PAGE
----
Mental Shake

Mental Shake
Otoroku 10

From the very first seconds of the single almost 39½-minute improvisation that makes up Mental Shake it’s obvious that this is an extraordinary session. Stretching the distinctive timbres of the tarogato as if they’re the bellows of an accordion, Peter Brötzmann conjures up the raw cry of a wolf, ferociously prowling the Hungarian countryside. Brötzmann, whose commitment to the most raucous variant of free jazz has been evident since his first recordings in 1965, is plainly invigorated by the venue – London’s Café Oto – and more so by his associates.

As conspicuous as well is how readily the other players rise to his musical challenge as if all are part of a wolf pack with each vying to be the paramount alpha male. Bassist John Edwards’ husky string pops and sprawling bow sweeps color the proceedings and keep them grounded, while drummer Steve Noble’s wallops may be weighty, but never draw attention to themselves. Having one of Britain’s most accomplished rhythm teams on side is obviously a plus for the saxophonist, but the musical mammal who makes the most difference here is Chicago vibist Jason Adasiewicz. As savage as Brötzmann in his approach to his instrument, Adasiewicz pummels it with the abject physicality of Lionel Hampton in his “Flying Home” heyday, but uses motor-driven sustain to also maintain subtleties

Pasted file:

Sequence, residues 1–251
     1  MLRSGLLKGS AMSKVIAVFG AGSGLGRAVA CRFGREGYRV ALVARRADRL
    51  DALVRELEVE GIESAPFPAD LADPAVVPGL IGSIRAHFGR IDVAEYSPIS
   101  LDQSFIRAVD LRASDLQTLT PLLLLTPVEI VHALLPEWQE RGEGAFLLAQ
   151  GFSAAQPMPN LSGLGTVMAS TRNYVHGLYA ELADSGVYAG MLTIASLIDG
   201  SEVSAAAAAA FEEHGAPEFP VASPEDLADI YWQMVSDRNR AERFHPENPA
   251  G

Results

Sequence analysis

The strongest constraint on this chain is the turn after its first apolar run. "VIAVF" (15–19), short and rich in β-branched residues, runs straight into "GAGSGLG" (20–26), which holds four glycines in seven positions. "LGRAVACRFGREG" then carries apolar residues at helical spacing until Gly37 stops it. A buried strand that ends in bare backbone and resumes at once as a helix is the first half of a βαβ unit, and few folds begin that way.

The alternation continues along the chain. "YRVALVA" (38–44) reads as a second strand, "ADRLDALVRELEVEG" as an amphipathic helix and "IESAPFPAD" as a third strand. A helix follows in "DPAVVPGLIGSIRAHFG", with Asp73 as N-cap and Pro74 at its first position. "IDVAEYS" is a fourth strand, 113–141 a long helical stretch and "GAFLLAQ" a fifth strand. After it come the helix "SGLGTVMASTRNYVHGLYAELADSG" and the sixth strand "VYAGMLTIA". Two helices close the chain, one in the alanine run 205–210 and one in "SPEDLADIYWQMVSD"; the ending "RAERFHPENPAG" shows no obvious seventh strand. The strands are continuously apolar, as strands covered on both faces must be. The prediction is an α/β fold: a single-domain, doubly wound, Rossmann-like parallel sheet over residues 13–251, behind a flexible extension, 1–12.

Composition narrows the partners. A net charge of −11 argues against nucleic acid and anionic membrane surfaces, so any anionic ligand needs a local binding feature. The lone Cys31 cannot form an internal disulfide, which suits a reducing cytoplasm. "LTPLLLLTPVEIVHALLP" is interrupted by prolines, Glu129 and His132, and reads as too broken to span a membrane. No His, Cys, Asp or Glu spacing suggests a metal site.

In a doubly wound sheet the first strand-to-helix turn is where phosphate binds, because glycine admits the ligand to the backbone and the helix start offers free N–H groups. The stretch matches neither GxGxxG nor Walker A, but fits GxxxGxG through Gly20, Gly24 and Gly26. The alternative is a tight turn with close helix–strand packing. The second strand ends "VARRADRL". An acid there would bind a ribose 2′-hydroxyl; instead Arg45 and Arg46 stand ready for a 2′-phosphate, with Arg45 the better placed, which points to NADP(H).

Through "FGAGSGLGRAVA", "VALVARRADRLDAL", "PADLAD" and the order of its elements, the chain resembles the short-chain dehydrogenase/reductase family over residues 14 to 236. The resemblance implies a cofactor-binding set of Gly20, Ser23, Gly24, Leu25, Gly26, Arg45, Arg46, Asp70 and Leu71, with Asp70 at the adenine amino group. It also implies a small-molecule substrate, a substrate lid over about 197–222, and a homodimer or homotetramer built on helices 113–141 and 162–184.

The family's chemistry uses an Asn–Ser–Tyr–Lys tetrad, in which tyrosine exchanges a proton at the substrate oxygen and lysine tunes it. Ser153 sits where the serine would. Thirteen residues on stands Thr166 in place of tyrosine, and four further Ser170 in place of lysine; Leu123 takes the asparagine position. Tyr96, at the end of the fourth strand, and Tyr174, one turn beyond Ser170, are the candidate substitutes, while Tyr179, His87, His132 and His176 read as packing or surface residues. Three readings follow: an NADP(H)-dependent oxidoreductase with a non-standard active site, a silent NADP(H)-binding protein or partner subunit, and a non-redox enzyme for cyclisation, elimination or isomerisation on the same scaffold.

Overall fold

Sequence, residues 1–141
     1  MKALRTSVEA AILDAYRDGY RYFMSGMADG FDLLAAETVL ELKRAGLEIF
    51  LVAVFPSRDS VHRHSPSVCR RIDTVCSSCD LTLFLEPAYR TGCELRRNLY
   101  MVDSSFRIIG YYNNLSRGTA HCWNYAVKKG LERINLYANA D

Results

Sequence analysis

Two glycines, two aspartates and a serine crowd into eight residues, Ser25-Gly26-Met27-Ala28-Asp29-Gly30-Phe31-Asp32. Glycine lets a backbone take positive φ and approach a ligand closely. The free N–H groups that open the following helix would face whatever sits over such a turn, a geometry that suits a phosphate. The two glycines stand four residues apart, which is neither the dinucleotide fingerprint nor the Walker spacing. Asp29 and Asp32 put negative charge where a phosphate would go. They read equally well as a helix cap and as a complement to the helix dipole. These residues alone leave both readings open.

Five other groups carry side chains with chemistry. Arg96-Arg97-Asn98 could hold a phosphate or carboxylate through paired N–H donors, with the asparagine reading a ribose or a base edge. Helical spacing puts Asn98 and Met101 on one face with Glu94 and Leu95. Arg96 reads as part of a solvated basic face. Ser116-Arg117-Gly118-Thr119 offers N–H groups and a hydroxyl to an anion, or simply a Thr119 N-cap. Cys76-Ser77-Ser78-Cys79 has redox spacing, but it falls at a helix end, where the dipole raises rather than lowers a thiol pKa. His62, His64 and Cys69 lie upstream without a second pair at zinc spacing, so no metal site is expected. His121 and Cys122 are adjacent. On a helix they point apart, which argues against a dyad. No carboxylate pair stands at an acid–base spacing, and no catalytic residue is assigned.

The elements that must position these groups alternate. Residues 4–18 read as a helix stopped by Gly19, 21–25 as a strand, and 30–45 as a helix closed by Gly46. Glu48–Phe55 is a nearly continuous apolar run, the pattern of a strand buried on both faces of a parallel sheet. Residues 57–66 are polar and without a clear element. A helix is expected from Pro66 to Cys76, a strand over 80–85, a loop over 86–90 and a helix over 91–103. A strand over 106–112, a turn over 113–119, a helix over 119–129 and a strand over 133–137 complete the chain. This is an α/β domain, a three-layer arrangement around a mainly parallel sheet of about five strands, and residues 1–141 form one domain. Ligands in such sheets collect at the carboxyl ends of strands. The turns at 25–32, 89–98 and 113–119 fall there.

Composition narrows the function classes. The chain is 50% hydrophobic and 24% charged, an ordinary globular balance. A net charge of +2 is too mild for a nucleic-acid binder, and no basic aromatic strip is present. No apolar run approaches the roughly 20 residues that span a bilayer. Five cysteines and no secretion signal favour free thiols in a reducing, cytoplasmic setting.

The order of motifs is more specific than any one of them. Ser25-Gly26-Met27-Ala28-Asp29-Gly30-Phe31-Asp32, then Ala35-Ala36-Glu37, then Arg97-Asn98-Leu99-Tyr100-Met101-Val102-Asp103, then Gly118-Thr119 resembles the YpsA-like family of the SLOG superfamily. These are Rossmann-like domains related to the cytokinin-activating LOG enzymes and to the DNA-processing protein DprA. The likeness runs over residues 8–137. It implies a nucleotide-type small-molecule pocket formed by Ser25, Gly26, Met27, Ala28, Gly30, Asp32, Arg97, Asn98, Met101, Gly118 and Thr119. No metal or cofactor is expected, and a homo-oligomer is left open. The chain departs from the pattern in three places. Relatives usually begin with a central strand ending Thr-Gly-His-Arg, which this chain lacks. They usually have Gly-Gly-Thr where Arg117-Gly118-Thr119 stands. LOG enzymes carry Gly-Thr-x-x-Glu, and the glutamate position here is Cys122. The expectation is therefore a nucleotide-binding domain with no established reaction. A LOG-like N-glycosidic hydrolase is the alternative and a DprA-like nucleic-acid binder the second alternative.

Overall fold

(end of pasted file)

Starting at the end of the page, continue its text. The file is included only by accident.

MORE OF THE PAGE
At the same time no matter how many guillotine-like clouts the vibist chops during his solos, or how frequently Brötzmann outputs animalistic like smears or piles up reams of multiphonics with his horns – he also plays tenor and alto saxophones plus clarinet here –ecstatic moments are tempered by the concluding indolent sequences that are as cadenced as they are euphoric. Edwards’ poised string-scraping and Noble’s back beat maintain the metical pulse even as the saxophonist repeated reed chomps and Adasiewicz’s multi-mallet hacking discover unique forms of nourishment from the improvisational marrow which is the performance.

Physical properties may have been paramount when organizing this improvisation, but by the CD’s conclusion the analytical effervescence that goes into creating a high-quality session is obvious as well.

—Ken Waxman

Tracks: 1. Mental Shake

Personnel: Peter Brötzmann (alto and tenor saxophones, Bb clarinet, tarogato); Jason Adasiewicz (vibraphone); John Edwards (bass) and Steve Noble (drums)